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UPDATE: Home Depot Confirms Breach; BlackPOS Implicated

Home Depot confirms there was indeed a breach. Presence of BlackPOS hints that the perpetrators could be the same ones who breached Target.

UPDATED 5:15 p.m. ET: Home Depot has confirmed that it did experience a data breach that affects customers who made credit card purchases at its stores in the United States and Canada; there is no evidence that customers who made purchases in Mexico or on HomeDepot.com were impacted.

The company says that there is no evidence that debit card PINs were compromised. No further details about the nature of the attack or the scope of the damage have been revealed. The investigation is ongoing, with a focus on suspicious activity beginning in April 2014.

Home Depot is offering free identity protection services, including credit monitoring, to any customer who used a payment card at a Home Depot store in 2014, from April on.

"We apologize for the frustration and anxiety this causes our customers, and I want to thank them for their patience and support as we work through this issue," said Frank Blake, Home Depot chairman and CEO, in a statement. "We owe it to our customers to alert them that we now have enough evidence to confirm that a breach has indeed occurred. It's important to emphasize that no customers will be responsible for fraudulent charges to their accounts."

Home Depot reiterated its previously announced intentions to roll out EMV Chip-and-PIN technology to its stores by the end of the year, "well in advance of the October 2015 deadline established by the payments industry."

Original Text:

A new variant of the BlackPOS card-slurping point-of-sale malware was used in the still-unconfirmed data breach at Home Depot, sources close to the investigation told Brian Krebs of KrebsOnSecurity.

The presence of BlackPOS is one indicator that the culprits behind the suspected Home Depot attack might be the same people who used BlackPOS to lift 40 million payment card accounts from Target in December. Another indicator, according to Krebs, is that "cards apparently stolen from Home Depot shoppers first turned up for sale on Rescator.cc, the same underground cybercrime shop that sold millions of cards stolen in the Target attack."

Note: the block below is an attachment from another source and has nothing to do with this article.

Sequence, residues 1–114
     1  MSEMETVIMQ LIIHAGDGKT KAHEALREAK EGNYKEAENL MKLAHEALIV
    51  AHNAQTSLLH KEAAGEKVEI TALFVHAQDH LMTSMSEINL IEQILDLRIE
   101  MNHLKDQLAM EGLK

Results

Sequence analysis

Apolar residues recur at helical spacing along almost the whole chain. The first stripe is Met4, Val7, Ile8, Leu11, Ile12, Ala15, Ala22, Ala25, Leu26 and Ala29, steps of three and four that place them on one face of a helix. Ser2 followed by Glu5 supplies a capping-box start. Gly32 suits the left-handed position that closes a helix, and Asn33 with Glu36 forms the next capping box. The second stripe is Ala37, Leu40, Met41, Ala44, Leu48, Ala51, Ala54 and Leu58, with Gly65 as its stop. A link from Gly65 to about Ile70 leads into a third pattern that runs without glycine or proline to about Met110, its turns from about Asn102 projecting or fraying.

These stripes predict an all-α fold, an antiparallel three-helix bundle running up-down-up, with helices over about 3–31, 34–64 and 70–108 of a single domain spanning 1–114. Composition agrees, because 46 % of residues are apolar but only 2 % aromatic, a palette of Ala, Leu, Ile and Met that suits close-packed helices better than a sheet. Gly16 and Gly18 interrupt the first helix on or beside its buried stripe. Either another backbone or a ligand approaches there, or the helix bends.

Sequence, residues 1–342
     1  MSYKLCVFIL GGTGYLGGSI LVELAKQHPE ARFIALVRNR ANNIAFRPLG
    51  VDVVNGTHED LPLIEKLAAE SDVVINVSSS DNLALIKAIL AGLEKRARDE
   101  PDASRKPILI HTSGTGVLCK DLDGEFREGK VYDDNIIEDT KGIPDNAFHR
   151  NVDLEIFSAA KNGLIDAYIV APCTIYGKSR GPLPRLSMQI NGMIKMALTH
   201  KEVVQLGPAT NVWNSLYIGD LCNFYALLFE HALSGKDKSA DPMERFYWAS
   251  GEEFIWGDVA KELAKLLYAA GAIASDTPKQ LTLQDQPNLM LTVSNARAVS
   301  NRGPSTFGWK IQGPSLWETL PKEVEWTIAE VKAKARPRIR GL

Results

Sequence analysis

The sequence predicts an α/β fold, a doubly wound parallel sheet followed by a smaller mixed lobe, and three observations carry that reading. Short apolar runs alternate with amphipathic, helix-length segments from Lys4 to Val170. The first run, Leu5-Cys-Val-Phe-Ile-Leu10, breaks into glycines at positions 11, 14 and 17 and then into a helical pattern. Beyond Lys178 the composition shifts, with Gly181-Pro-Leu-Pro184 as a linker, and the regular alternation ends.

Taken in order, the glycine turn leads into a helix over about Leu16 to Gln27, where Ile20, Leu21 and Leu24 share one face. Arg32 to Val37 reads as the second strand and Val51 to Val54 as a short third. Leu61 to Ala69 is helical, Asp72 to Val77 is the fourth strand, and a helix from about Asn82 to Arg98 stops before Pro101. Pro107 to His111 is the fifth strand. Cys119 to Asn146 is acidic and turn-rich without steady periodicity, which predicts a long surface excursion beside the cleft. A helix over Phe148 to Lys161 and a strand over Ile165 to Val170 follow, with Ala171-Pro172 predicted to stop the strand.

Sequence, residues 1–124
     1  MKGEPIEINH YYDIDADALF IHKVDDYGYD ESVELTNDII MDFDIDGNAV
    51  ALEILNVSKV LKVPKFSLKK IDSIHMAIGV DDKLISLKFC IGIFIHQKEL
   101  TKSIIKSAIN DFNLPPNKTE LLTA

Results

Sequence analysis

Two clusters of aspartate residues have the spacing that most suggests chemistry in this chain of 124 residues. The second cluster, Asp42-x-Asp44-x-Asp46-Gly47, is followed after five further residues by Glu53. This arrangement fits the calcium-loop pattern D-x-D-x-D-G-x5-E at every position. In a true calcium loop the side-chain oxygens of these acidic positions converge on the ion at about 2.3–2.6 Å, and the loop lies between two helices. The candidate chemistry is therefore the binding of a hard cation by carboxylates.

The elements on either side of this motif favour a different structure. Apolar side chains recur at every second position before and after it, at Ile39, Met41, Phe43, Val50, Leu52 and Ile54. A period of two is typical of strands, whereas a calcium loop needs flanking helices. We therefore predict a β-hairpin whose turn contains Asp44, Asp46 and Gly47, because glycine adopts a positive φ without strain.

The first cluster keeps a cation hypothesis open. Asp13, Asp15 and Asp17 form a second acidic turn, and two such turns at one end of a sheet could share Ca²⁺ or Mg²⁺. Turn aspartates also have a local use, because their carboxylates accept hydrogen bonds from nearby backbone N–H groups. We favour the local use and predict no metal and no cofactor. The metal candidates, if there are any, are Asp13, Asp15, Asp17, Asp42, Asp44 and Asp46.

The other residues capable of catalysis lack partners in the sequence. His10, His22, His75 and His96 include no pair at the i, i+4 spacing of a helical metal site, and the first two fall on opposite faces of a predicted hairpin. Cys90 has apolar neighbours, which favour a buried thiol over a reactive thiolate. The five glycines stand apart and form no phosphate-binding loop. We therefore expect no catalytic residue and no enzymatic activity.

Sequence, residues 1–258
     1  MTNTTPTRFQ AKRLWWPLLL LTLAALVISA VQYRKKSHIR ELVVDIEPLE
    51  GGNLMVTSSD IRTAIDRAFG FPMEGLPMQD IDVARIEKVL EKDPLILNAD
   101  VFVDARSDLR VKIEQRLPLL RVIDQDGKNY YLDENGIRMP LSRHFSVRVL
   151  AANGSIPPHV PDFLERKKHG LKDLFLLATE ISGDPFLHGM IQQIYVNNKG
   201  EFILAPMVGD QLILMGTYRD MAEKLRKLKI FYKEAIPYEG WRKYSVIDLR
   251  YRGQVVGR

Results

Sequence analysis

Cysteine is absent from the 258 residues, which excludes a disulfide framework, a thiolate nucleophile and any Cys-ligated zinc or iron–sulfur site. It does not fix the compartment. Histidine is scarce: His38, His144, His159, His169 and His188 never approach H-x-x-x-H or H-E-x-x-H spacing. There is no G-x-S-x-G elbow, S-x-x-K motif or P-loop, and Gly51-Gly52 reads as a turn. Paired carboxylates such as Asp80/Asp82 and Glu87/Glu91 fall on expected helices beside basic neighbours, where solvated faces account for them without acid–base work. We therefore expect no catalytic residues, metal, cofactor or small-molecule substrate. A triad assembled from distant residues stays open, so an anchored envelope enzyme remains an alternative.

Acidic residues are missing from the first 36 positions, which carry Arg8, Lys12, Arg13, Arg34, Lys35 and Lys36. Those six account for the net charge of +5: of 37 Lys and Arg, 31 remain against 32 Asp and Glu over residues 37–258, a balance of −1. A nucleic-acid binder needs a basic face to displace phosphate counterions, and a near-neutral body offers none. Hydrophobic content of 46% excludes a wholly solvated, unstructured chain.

Trend Micro first spotted the new BlackPOS variant, TSPY_MEMLOG.A, in the wild on Aug. 22. According to Trend Micro, "What's interesting about TSPY_MEMLOG.A is it disguises itself as an installed service of known [anti-virus] vendor software to avoid being detected and consequently, deleted in the infected PoS systems."

The new variant also uses similar tactics to offload pilfered data. As Trend Micro reports, in the Target breach, the attackers "offloaded the gathered data to a compromised server first while a different malware running on the compromised server uploaded it to the FTP. We surmise that this new BlackPOS malware uses the same exfiltration tactic."

Sara Peters is Senior Editor at Dark Reading and formerly the editor-in-chief of Enterprise Efficiency. Prior that she was senior editor for the Computer Security Institute, writing and speaking about virtualization, identity management, cybersecurity law, and a myriad ... View Full Bio

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User Rank: Apprentice
9/9/2014 | 9:34:33 AM
Re: Was Home Depot PCI DSS Compliant?
Good questions.  I had very similar thoughts
User Rank: Ninja
9/8/2014 | 1:44:02 PM
Was Home Depot PCI DSS Compliant?
I am curious - was Home Depot certified for PCI DSS compliance, and if so, when? If they were indeed breached, how did the malware enter the environment, and eventually spread to the POS endpoints? PCI scoped machines are supposed to be isolated from the rest of the network using some sort of segmentation strategy. Particularly disturbing is the malware's method of evading detection. Did Home Depot have a centrally managed anti-malware application? If they did, then shouldn't it have either actively or passivly detected and informed the central management platform that something was amiss? Additionally, if this malware is a variant of the one that hit Target, then its basic behavior pattern should already be known to anti-malware applications and mitigation strategies, so how did the data exfiltration escape detection (assuming that they were, in fact, breached)? One would think that retailers in general would be more vigilant and already be on the lookout for this type of event, and have a strategy in place to comabt it. I also wonder how many big name retailers actually re-evaluated their security posture after the Target incident. Does anyone know of any surveys that asked companies if they did anything like that?
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